Use up seasonal apples in this moist Winter cake

by: Dianne Bibby | 19 May 2015

The smell of apples baking in a hot oven evokes feelings of nostalgia and transports us back to a time when life seemed more simplistic and enviably slower. For many of us, this would invariably mean a trip back to our grandma’s kitchen.

Whether in a quaint, compact kitchen fitted with antiquated yet functional gadgetry, or in a rustic and expansive farmhouse kitchen, a sturdy old Aga positioned stoically in the corner, exuding its slow and steady heat.

Casting my mind back, I vaguely recall the familiar waft of stewing apples, laced with cinnamon and cloves emanating from my gran’s kitchen. Stewed apples with custard were a regular dessert fixture. In fact, any fruit that had the potential to be stewed and could successfully be doused with pools of custard, was soon converted into the dessert of the day.

Occasionally the apples made it into a pie, for which we were eternally grateful. This brings me to my interpretation of what ‘happens’ to apples in my kitchen. Apart from being one of the healthiest and most convenient snack foods available, they usually end up in some form of baked good. From apple muffins, to Bircher muesli or a Sunday pork roast, there’s never a shortage of things to cook with apples. However, today I thought I’d introduce you to my indulgent and very comforting apple and blueberry cake with burnt butterscotch sauce! 

Apple cake is a popular dessert originating from the towns of Dorset and Somerset in England. It was traditionally, a rather plain cake to which sliced apples were added for additional flavour and fragrance. Over time spices such as cinnamon and nutmeg were included to bolster the taste.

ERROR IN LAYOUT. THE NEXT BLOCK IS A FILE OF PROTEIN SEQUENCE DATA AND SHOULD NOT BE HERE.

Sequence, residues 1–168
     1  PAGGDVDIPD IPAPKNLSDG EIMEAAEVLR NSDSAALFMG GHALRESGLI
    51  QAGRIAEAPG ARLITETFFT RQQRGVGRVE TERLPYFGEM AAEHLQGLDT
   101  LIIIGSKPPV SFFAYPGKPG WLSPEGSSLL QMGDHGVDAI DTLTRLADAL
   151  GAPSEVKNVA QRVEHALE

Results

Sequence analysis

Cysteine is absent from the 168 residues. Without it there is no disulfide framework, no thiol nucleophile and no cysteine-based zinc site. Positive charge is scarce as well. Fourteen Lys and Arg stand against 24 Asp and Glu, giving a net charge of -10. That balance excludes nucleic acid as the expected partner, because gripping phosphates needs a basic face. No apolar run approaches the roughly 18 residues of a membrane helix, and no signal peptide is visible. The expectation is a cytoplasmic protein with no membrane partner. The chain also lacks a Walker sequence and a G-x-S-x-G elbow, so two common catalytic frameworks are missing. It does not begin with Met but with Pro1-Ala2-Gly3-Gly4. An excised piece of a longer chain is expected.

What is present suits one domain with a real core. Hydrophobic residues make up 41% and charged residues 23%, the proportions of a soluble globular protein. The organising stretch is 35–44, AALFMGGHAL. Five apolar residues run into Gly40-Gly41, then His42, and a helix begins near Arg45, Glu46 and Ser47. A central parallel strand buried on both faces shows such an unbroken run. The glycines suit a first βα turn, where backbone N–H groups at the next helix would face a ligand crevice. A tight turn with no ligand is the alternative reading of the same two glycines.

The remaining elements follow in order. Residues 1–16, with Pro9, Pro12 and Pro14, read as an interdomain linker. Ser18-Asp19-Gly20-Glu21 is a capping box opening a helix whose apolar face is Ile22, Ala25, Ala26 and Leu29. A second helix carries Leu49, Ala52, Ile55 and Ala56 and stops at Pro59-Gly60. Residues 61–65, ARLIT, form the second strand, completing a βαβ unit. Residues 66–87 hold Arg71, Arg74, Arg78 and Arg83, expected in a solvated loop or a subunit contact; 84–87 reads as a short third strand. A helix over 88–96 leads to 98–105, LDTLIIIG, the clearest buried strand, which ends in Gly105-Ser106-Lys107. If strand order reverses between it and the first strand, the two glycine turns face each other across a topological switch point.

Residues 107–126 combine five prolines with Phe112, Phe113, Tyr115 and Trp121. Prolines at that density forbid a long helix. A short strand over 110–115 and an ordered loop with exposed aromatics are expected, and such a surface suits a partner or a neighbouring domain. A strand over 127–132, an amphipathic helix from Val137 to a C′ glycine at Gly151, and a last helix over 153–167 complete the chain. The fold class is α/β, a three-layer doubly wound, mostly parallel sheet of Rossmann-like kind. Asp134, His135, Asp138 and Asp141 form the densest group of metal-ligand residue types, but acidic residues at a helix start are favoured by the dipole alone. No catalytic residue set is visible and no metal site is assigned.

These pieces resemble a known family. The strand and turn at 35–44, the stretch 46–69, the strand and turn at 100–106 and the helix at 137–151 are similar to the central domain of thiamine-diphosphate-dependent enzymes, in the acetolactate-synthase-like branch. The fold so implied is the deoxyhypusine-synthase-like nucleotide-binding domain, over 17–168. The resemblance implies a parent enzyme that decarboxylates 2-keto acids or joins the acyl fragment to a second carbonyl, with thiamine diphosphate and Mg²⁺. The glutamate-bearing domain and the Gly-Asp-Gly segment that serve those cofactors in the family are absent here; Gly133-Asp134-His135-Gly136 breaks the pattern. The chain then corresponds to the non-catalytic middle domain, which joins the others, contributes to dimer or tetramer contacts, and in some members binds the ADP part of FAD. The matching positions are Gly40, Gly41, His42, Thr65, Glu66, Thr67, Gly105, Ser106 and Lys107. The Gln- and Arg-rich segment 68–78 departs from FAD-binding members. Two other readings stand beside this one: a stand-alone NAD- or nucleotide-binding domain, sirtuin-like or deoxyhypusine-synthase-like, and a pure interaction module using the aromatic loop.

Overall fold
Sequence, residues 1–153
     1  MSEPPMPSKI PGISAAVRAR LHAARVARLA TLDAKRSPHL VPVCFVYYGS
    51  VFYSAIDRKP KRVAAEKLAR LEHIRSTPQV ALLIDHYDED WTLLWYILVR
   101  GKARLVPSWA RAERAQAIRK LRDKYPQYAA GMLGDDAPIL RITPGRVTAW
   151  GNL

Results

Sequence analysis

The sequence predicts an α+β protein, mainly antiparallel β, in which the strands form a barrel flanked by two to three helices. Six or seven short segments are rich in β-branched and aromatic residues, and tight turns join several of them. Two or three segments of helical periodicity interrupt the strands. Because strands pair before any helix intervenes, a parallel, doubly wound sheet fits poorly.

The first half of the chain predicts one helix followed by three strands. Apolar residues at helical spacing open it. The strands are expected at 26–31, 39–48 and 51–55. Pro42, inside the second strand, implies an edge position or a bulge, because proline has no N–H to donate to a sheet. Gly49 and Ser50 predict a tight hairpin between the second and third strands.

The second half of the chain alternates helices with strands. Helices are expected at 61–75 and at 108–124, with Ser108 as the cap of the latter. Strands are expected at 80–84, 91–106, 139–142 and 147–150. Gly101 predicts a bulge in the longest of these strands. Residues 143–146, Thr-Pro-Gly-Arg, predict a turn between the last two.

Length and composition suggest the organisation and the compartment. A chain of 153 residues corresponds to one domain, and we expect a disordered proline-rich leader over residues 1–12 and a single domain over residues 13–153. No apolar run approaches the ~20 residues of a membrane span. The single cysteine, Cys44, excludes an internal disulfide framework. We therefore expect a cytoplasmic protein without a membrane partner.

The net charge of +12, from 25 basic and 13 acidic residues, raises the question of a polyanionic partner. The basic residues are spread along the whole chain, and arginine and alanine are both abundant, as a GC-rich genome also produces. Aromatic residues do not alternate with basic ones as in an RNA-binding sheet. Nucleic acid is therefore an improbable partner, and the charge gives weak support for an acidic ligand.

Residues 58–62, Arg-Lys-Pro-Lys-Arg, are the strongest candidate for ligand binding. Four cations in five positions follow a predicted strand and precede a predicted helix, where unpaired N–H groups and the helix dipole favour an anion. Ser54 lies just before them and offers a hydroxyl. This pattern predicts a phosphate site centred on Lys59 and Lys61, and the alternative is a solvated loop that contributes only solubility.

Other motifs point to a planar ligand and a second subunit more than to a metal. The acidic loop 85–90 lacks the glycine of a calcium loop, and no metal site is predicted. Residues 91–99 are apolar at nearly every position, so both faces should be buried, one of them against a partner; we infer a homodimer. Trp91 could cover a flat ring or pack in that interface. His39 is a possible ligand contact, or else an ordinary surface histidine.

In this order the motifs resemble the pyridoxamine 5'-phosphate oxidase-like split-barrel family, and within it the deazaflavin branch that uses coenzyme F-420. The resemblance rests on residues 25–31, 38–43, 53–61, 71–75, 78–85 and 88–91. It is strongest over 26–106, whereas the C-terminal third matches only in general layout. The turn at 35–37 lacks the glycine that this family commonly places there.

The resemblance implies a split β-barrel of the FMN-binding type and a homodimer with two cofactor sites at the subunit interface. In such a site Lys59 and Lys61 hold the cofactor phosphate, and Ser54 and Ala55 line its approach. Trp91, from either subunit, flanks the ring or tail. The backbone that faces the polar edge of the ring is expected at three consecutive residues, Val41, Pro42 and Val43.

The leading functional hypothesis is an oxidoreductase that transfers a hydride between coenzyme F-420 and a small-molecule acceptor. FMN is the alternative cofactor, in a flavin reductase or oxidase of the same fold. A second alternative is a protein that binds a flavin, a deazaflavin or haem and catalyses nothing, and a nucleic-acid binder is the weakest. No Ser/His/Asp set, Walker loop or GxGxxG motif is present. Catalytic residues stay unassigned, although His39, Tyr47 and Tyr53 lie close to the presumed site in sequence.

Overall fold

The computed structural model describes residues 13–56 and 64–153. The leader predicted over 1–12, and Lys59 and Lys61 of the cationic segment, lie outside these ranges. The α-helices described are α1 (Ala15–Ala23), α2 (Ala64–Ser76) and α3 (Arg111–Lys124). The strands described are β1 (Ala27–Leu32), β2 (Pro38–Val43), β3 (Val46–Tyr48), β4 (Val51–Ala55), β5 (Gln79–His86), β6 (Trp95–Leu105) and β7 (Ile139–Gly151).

Moving further west, we happily encounter the Polish apple cake. Now here is a cake! I think the Polish are onto something. This traditional apple cake consists of a sweet pastry base, filled with spicy apples and topped with meringue. Occasionally, an additional layer of Polish custard is included in the already ample offering. The cake is then served warm with whipped cream, alongside the obligatory coffee.

So although I should patriotically lean towards my British roots, I’m unapologetically jumping ship and going with the Polish. Not to make little of simplicity or frugality, both of which are noble and admirable. Admittedly, it requires skilled creativity to transform so few ingredients into a stalwart that has literally spanned continents and centuries. In this instance, the Polish rendition supports my justification for making this apple and blueberry cake with burnt butterscotch sauce.

Interestingly, Polish Jews who adhered to customary laws of not including meat and dairy in the same meal, made this cake using oil rather than butter. This rendered it an acceptable dessert, following a main course that included meat. Using oil will also keep the cake moist for longer than a butter version, but the texture will be slightly more dense. 
My apple and blueberry cake with burnt butterscotch sauce is not rooted in any particular food culture, but is simply a delicious pairing of two fruits that work so well together. With crates of apple varieties on offer, this is the perfect time of year to make use of this versatile seasonal fruit.

For this recipe I’ve used frozen blueberries. These super-fruits are just out of season but fortunately adapt really well to freezing. Blueberries tinge the cake with a luminous violet hue and provide bursts of tart flavour. Soaked with a burnt butterscotch sauce, this cake is instantaneously elevated into an irresistible pudding. It’s just my opinion, but I think Winter ‘pudding cake’ should be a thing.

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